Google, Dropbox, and Box all offer UI components that can be embedded to select files. However, each is built differently with unique styling, so you may want to consider a solution like Merge for a unified file picker experience.


With typical webhooks, a webhook payload event corresponds to an individual object. With file storage providers such as Google Drive, OneDrive, and SharePoint, the webhook payload only indicates that “something has changed” and then requires a separate API request to process the changes.

Getting OAuth Approval

Many file storage providers have very stringent requirements for getting app approval. If you don't receive approval your users may see an "unverified" label or have a maximum user cap. Ensure you investigate these requirements ahead of time or choose a Unified API instead.

File Storage API Data Schemas

Users are individual file storage accounts that have a permission for a given Drive, Folder, or File. Groups are collections of users or company domains that inherit similar permissions.

Drives are the top level container where all of a user's or organizations folders and files are stored. Some file storage systems use the concept of a Folder rather than a Drive. Folders are a collection of Folders (which can be nested) and Files. Files can be in a variety of formats (documents, spreadsheets, slides, video, music, images, etc.) and are placed within a Folder or Drive.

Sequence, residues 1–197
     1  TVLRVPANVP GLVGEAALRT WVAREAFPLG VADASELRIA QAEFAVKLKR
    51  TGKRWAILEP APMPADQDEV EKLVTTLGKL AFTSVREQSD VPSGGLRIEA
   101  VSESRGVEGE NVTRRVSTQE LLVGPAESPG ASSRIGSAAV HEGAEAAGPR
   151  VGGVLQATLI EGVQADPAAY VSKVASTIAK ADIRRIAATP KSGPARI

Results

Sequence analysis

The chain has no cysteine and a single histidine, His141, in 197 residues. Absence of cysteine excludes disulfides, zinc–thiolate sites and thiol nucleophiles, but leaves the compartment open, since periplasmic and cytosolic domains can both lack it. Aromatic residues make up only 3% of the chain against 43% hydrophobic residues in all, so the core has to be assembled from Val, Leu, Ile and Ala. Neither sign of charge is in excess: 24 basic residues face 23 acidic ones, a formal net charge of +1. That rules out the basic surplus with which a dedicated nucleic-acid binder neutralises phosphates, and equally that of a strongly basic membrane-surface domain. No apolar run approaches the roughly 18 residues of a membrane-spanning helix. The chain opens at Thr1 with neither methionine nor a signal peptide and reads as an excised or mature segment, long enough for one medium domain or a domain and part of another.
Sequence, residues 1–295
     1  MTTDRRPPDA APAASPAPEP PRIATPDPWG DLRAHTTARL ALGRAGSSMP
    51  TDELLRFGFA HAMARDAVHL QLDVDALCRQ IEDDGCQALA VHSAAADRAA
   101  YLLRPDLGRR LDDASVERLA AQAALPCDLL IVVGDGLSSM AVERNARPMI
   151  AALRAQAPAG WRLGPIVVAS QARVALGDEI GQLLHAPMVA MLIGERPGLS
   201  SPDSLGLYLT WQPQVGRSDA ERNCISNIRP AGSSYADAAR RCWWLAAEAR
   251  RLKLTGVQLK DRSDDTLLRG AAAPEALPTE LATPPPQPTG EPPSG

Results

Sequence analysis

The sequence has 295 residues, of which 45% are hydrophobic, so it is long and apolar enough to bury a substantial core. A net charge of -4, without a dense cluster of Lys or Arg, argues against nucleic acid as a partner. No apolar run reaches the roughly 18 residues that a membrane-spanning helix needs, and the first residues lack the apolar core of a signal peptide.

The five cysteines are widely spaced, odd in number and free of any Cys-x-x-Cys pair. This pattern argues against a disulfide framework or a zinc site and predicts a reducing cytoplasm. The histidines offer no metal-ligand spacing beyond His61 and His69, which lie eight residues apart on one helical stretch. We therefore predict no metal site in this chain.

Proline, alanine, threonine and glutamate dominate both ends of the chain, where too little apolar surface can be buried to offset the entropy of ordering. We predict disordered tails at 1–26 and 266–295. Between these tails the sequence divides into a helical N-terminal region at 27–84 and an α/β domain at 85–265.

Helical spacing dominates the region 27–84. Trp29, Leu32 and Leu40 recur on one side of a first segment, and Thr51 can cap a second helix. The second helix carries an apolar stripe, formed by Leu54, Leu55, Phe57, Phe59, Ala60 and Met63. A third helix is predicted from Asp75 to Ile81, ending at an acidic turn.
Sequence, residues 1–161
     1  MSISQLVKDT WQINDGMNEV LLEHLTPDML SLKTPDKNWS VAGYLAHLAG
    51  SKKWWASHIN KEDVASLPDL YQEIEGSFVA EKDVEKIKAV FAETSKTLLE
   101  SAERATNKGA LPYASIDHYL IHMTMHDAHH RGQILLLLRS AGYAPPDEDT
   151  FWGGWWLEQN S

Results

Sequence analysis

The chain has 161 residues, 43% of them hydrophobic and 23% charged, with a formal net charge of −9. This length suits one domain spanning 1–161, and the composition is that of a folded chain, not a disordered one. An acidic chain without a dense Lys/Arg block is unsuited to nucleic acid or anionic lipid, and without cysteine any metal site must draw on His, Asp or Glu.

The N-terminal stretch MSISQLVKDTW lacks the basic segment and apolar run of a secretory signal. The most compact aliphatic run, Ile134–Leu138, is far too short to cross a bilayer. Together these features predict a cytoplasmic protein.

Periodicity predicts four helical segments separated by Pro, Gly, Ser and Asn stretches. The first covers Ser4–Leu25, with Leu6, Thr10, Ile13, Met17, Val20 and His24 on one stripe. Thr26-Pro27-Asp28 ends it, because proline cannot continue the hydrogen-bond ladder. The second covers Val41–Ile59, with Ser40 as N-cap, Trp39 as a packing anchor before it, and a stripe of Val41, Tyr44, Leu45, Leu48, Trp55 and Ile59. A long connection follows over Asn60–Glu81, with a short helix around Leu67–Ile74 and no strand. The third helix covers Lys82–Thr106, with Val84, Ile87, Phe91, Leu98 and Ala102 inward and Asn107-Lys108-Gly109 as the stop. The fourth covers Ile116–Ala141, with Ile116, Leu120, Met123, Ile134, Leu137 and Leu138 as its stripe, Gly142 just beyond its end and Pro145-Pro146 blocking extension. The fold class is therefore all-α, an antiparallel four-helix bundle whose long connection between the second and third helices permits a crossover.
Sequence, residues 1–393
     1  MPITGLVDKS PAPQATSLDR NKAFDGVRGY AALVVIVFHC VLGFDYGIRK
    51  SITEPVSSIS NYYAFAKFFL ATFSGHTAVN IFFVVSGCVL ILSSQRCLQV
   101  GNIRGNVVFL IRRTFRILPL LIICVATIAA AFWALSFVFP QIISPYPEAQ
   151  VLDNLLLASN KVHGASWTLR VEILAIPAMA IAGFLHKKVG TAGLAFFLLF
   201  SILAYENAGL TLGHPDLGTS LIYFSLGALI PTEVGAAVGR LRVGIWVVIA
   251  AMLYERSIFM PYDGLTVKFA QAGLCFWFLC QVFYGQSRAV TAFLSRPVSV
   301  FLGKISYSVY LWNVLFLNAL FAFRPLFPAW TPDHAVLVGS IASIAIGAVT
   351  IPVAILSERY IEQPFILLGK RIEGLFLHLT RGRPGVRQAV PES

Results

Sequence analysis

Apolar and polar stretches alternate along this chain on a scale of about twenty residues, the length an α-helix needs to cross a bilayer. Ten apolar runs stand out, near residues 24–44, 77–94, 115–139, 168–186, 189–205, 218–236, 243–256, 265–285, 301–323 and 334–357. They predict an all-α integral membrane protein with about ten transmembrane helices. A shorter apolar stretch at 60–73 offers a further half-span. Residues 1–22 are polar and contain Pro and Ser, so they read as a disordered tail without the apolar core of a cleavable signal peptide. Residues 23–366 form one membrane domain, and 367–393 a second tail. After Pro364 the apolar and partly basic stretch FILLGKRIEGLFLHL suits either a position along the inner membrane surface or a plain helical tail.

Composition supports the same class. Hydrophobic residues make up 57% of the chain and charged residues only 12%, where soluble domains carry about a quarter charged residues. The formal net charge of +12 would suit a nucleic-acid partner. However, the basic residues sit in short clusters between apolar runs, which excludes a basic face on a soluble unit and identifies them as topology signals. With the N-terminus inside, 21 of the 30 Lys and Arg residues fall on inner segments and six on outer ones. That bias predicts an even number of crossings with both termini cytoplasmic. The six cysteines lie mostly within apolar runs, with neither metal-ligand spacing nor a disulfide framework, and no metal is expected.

Folders and Files contain metadata about when they were created, updated, and deleted, which can be useful to filter appropriate files and kick off workflows. Folders and Files have a set of permissions mapped back to Users and/or Groups.

Groups Users Drives Folders Files
Box /groups /users /folders /files
Dropbox /groups /members /list_folders /files
Google Drive /drives /files
OneDrive and SharePoint /groups /users /drives /items /items

Top File Storage API Use Cases

File storage systems are one of the most commonly integrated products into other SaaS apps. Common use cases include browsing for documents, uploading contracts, sharing files with collaborators, and downloading documents for compliance purposes.

Sync All Company Docs so Employees Can Search For Them

Knowledge management and project management apps are commonly used to access documents and link them to projects or workflows. These apps frequently include integrations with file storage to make document discovery and sharing easy.